The inverse is true of Sound Studies. Its account of law could afford to be both more central and much richer. To take a crude but nevertheless telling measure, none of the discipline’s major collections –– Bull and Back’s The Auditory Culture Reader (2003), Sterne’s Sound Studies Reader (2012), Pinch and Bijsterveld’s The Oxford Handbook of Sound (2012) –– even mentions ‘Law’ in its index, whereas terms like ‘Gender’, ‘Capitalism’, ‘Race’, ‘War’ and ‘Religion’ all feature. Even when Sound Studies has addressed legal questions, from a jurisprudential perspective its account looks quite orthodox: confined to an interest in state-posited rules which in turn are presumed to operate mechanically, as if that were the extent of legal practice or the juridical world. And Sound Studies seems to care much more about cars, clinics and concerthalls than it does courtrooms. It worries about a diverse range of sonic environments, but never the ‘soundscape of judgment’.
This is a problem, I think, a failure of both disciplines. On the one hand, as a community of jurists, we must teach ourselves to listen to law, to attend properly to questions of sound in legal thought and practice. On the other hand, because law and legal institutions play a key role in determining both the kinds of sounds we hear and the ways in which we listen, Sound Studies could stand to learn from Jurisprudence too.
In elaborating these claims, in arguing for what I call an ‘acoustic jurisprudence’, this paper will work with examples from the trial of Simon Bikindi, accused by the International Criminal Tribunal for Rwanda of inciting genocide with his songs. How, for instance, did the Tribunal understand Bikindi’s songs and their ‘deployment’ on the radio for the purposes of judgment? And what did it mean that, when Bikindi was offered the floor in order to make a ‘final statement’ at the close of his appeals hearing, for five and a half minutes he sang?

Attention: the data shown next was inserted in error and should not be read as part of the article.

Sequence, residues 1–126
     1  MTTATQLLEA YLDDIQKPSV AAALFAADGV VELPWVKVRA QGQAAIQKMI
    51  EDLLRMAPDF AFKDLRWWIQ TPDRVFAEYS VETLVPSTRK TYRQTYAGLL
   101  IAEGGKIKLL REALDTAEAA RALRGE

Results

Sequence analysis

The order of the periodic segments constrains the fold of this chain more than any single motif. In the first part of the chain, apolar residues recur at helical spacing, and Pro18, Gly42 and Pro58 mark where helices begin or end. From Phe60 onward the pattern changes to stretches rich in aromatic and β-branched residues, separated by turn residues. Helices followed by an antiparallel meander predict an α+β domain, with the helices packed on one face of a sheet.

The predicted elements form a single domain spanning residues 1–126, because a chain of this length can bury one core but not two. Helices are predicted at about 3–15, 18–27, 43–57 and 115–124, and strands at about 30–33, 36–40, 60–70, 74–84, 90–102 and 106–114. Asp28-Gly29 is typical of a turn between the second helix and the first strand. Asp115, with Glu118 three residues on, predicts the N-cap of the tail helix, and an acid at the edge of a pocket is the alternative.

Presented by Peter Clarke.
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La bibliografía secudaria es abundante. Con pretensión sólo orientadora remito a:
-        Robert H. Synder, "Disillusioned Words Like Bullets Bark: Incitement to Genocide, Music, and The Trial of Simon Bikindi", The Georgia Journal of International and Comparative Law  35 (2006), pp. 645-674.
-        Donald T. McNeil, "Killer songs: Simon Bikindi stands accused of writing folk music that fed the Rwandan genocide", The New York Times Magazine 17 (2002): 58-59.
-        Jason McCoy, “Making violence ordinary: radio, music and the Rwandan genocide”, Journal of International Library of African Music 8, 3 (2009), 85-96.
 
J.C.G.